Taylor Swift tried to sue Microsoft over a chatbot which posted a string of racist messages online, the company’s president has revealed.
In a new biography by Brad Smith, he reveals that the singer’s lawyers challenged Microsoft in 2016.
Swift was reportedly angered by Microsoft’s chatbot Tay, which was designed to interact with 18 to 24-year-olds, because it was similar to her own name.
Microsoft’s AI bot was launched in 2016 and was designed to learn from social media conversations.
But it took a sinister turn when it began tweeting a slew of racist messages – including support for genocide and holocaust denial.
The bot was pulled offline after 18 hours and Microsoft were forced to issue an apology.
According to The Guardian, Swift’s legal challenge was centred around the bot’s similarity to her own name.
In an extract from his new book Tools and Weapons, Smith says: “I was on vacation when I made the mistake of looking at my phone during dinner.
“An email had just arrived from a Beverly Hills lawyer who introduced himself by telling me: ‘We represent Taylor Swift, on whose behalf this is directed to you.’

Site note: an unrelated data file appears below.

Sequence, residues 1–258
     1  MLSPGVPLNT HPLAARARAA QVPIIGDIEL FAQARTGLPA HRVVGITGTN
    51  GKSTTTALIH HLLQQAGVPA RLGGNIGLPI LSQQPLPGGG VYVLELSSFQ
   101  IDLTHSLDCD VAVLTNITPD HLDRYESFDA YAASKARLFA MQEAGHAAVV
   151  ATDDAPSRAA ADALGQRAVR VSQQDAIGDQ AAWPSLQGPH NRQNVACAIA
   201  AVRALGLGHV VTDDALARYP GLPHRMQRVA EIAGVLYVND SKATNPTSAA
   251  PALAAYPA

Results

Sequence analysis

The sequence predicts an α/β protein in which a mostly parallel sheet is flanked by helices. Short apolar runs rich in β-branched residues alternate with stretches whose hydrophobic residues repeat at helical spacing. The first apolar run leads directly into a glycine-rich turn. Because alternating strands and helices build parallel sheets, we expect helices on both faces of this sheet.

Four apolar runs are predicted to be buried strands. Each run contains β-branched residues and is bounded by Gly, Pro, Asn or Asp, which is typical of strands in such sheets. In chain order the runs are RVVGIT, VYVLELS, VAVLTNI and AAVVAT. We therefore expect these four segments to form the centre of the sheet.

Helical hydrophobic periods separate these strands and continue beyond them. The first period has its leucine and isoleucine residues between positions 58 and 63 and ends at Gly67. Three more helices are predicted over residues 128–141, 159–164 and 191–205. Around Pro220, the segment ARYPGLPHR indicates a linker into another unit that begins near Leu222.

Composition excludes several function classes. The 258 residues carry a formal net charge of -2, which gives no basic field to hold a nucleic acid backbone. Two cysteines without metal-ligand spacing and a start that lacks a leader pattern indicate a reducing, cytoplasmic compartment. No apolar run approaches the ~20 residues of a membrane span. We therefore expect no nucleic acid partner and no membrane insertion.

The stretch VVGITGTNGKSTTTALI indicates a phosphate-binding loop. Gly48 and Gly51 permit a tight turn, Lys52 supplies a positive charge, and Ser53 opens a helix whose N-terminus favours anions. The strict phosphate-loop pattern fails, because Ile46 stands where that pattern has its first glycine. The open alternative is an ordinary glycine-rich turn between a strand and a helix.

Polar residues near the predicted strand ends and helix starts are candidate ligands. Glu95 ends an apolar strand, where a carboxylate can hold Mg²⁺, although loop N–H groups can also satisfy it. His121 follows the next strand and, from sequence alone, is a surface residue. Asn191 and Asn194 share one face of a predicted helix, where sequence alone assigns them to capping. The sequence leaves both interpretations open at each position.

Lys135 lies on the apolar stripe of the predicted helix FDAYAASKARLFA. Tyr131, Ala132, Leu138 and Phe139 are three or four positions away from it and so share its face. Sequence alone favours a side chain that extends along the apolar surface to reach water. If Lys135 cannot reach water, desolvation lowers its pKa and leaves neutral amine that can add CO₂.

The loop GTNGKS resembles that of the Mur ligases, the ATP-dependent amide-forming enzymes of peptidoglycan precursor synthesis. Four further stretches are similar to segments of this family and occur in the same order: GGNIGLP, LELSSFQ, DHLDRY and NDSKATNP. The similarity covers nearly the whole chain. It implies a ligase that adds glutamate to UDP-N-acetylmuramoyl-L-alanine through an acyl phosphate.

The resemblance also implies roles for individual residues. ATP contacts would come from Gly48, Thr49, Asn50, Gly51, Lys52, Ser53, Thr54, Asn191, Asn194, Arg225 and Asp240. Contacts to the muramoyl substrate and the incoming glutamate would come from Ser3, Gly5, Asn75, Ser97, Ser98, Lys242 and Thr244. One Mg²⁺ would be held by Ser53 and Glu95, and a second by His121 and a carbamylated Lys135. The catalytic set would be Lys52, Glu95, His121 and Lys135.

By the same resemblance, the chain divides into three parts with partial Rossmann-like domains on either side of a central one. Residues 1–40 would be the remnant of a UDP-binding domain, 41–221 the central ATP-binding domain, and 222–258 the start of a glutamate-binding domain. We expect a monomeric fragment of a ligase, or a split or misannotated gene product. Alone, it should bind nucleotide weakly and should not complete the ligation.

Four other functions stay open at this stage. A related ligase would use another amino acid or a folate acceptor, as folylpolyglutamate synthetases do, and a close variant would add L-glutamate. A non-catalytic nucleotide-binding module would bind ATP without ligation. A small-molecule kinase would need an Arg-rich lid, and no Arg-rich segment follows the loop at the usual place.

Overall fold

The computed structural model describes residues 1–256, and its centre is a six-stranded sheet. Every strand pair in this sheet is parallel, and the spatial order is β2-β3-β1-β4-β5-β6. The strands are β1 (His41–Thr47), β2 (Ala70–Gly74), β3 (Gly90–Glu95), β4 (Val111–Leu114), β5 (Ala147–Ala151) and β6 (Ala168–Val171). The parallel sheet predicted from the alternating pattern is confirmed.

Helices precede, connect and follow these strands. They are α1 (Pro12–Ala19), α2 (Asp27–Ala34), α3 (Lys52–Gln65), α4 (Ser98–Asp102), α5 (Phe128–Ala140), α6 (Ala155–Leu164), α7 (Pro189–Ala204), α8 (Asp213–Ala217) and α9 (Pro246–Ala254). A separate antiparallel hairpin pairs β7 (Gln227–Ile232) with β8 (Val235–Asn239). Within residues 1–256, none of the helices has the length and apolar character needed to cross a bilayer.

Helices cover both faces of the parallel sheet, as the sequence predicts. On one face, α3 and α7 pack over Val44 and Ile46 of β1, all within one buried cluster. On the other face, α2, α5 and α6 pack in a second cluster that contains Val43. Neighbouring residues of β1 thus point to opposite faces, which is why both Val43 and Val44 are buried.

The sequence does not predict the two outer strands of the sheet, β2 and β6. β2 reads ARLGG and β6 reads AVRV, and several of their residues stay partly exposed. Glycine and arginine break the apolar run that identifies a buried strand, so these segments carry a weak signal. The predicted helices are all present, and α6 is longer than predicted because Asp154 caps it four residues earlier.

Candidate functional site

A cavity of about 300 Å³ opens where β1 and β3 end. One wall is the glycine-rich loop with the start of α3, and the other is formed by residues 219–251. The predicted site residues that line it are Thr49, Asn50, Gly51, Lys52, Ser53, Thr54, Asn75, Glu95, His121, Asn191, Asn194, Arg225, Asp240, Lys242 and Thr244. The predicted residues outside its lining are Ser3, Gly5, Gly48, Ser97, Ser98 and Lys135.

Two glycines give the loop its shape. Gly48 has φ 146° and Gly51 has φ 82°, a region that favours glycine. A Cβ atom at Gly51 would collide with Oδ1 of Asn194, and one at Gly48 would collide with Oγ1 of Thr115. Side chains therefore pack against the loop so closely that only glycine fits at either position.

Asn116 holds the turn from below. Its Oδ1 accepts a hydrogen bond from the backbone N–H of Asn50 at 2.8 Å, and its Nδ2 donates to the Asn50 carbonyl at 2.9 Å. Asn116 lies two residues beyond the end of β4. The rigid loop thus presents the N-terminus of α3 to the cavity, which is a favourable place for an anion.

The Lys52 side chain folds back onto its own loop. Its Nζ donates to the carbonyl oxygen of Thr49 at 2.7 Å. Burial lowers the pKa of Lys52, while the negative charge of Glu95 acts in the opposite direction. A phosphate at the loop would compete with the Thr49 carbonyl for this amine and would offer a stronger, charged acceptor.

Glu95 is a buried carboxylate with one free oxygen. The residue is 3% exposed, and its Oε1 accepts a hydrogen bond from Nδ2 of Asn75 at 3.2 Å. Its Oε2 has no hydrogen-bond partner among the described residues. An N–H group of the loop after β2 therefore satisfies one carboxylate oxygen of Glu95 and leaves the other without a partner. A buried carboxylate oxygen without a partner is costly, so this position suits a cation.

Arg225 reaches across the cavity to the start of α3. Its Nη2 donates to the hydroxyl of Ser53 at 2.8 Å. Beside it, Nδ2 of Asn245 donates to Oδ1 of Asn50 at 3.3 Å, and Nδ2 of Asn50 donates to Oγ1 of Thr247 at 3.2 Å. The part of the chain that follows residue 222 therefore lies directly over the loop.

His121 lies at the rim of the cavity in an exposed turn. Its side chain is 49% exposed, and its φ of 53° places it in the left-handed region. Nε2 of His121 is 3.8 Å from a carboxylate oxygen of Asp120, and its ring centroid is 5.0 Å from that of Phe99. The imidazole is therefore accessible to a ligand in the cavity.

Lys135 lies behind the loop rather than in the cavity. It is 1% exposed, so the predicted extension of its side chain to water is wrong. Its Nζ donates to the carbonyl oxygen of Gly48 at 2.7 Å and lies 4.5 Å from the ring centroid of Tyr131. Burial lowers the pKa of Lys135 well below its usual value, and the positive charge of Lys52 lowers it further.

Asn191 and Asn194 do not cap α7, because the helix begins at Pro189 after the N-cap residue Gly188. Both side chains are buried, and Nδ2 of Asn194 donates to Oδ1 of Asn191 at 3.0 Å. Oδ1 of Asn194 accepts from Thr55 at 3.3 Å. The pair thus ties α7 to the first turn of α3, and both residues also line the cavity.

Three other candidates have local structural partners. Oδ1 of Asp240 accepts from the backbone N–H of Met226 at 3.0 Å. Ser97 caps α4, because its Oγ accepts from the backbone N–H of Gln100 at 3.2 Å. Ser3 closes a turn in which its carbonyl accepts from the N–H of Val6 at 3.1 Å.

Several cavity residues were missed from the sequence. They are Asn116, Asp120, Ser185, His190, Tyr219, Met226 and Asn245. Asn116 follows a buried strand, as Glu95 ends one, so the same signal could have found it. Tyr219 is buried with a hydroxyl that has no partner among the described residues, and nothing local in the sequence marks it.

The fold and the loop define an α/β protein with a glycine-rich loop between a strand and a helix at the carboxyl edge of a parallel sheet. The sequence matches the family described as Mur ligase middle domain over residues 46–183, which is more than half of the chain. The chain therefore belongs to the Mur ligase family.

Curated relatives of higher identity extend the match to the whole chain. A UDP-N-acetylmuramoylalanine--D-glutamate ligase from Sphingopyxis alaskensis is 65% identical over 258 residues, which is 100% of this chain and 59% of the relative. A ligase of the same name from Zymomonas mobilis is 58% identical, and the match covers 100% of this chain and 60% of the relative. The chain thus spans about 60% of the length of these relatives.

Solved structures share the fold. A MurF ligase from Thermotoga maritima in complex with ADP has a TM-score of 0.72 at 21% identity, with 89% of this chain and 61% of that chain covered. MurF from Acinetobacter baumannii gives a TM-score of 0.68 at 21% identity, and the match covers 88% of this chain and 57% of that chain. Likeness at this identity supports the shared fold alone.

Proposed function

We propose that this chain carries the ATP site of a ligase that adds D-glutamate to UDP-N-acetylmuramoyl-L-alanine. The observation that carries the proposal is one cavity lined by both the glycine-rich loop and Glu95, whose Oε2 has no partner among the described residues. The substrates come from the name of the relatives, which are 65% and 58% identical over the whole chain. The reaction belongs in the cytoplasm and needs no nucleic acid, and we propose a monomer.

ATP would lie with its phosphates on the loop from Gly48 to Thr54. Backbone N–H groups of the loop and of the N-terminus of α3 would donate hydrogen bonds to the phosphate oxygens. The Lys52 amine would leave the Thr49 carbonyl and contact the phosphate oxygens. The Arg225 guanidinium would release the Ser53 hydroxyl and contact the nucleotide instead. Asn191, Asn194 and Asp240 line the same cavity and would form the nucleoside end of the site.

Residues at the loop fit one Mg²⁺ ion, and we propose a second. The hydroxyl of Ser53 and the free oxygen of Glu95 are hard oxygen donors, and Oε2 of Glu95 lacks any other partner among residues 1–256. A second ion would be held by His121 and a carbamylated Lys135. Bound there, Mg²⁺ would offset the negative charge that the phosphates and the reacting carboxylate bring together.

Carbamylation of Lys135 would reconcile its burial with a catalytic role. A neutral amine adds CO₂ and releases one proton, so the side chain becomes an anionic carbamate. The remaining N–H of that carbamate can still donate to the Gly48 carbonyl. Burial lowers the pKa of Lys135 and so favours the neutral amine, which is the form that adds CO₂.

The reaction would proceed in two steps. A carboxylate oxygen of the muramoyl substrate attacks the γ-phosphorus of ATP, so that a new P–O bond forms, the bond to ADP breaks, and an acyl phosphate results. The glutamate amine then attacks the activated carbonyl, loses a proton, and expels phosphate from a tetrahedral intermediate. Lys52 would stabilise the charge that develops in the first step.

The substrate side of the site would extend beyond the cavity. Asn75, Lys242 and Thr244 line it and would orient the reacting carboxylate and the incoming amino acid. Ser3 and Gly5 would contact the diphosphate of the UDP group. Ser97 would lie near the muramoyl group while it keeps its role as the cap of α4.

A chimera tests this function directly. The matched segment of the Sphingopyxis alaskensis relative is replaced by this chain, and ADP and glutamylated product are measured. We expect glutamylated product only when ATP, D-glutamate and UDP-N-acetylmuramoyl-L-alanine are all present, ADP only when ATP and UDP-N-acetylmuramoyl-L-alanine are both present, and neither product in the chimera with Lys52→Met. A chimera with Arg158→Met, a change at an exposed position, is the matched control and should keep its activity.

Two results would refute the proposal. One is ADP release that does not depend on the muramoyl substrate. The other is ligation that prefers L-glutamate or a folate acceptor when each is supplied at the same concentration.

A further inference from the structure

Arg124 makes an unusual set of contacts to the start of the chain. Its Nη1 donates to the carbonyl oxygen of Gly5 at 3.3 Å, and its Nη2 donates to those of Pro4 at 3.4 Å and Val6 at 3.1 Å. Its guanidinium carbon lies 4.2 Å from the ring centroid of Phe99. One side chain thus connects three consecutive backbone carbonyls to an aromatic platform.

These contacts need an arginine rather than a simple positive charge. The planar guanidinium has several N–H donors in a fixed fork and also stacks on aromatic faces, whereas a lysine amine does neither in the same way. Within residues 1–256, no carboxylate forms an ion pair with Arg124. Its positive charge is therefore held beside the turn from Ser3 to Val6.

“The name Tay, as I’m sure you must know, is closely associated with our client’,” Smith adds.
“No, I actually didn’t know, but the email nonetheless grabbed my attention.”
Smith says the lawyer argued that the name Tay was a legal violation and “created a false and misleading association between the popular singer and our chatbot”.
Swift is known for her fierce intellectual property rights. In 2015, she attempted to trademark the song names ‘Blank Space’, ‘1989’ and the title of her childhood novel.
Last night, NME was in attendance as Swift delivered an intimate concert for her global fans in Paris.